Of the first 108 universities founded in America, 106 were distinctly Christian, including the first, Harvard University, chartered in 1636.  In the original Harvard Student Handbook, rule number 1 was that students seeking entrance must know Latin and Greek so that they could study the scriptures:

“Let every student be plainly instructed and earnestly pressed to consider well, the main end of his life and studies is, to know God and Jesus Christ, which is eternal life, John 17:3; and therefore to lay Jesus Christ as the only foundation for our children to follow the moral principles of the Ten Commandments.”

Yale historian Harry S. Stout’s wrote an article in Christian History magazine titled, “Christianity and the American Revolution”.   Here is what he said about America at the time of the Revolution.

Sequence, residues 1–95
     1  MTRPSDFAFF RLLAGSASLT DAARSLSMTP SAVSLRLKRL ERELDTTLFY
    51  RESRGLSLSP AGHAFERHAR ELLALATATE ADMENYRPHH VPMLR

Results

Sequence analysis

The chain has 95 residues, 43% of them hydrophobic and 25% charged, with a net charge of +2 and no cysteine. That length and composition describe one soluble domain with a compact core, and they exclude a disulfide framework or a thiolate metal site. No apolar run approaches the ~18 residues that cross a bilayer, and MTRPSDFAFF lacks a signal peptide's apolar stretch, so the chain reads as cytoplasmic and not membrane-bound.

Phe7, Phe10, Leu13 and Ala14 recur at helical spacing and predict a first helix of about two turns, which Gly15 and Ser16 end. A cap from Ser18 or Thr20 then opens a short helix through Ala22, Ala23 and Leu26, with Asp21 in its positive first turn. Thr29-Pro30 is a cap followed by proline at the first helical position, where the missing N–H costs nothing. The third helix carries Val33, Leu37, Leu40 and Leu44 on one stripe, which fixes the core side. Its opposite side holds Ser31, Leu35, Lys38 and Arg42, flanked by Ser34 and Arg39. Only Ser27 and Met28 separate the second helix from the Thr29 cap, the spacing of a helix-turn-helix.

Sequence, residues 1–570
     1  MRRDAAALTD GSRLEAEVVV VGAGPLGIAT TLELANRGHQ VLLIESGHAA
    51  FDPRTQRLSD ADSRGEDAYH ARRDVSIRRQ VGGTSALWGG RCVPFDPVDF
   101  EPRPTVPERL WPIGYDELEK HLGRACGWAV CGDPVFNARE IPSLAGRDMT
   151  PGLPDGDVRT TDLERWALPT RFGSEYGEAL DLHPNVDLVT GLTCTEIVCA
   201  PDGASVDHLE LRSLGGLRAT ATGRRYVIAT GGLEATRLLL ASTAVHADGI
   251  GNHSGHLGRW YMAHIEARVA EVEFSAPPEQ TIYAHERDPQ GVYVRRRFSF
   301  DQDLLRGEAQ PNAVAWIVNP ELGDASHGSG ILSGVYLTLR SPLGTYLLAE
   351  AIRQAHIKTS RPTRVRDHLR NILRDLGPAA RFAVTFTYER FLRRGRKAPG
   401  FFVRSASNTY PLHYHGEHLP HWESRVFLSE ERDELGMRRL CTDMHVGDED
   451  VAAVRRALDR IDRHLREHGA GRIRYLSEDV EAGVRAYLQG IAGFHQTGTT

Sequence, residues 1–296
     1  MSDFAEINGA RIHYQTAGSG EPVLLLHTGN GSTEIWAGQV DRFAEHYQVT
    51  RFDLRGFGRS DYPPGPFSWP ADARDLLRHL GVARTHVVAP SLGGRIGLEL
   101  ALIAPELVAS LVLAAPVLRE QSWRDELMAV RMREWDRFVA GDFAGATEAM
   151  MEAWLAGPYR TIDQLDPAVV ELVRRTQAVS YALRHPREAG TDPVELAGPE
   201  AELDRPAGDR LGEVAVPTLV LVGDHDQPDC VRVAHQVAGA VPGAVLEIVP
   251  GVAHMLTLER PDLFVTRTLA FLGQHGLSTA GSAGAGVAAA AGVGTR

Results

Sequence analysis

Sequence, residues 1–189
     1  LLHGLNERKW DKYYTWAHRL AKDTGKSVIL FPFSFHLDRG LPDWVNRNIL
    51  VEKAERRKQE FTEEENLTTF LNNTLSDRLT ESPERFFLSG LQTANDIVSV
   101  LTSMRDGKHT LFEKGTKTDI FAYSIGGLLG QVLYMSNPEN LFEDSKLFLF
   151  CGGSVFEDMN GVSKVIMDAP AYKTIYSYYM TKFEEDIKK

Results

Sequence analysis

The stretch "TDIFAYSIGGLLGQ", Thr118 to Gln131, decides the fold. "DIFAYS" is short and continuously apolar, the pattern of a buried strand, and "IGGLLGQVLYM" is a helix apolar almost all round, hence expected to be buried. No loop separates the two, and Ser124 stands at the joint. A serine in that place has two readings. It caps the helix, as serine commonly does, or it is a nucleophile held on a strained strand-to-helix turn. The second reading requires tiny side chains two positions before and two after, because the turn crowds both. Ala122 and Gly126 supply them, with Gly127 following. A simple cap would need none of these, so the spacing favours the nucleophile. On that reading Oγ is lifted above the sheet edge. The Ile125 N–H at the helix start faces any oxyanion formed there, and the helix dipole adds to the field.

“Over the span of the colonial era, American ministers delivered approximately 8 million sermons, each lasting one to one-and-a-half hours. The average 70-year-old colonial churchgoer would have listened to some 7,000 sermons in his or her lifetime, totaling nearly 10,000 hours of concentrated listening. This is the number of classroom hours it would take to receive ten separate undergraduate degrees in a modern university, without ever repeating the same course!

 Events were perceived not from the mundane, human vantage point but from God’s. The vast majority of colonists were Reformed or Calvinist, to whom things were not as they might appear at ground level: all events, no matter how mundane or seemingly random, were parts of a larger pattern of meaning, part of God’s providential design.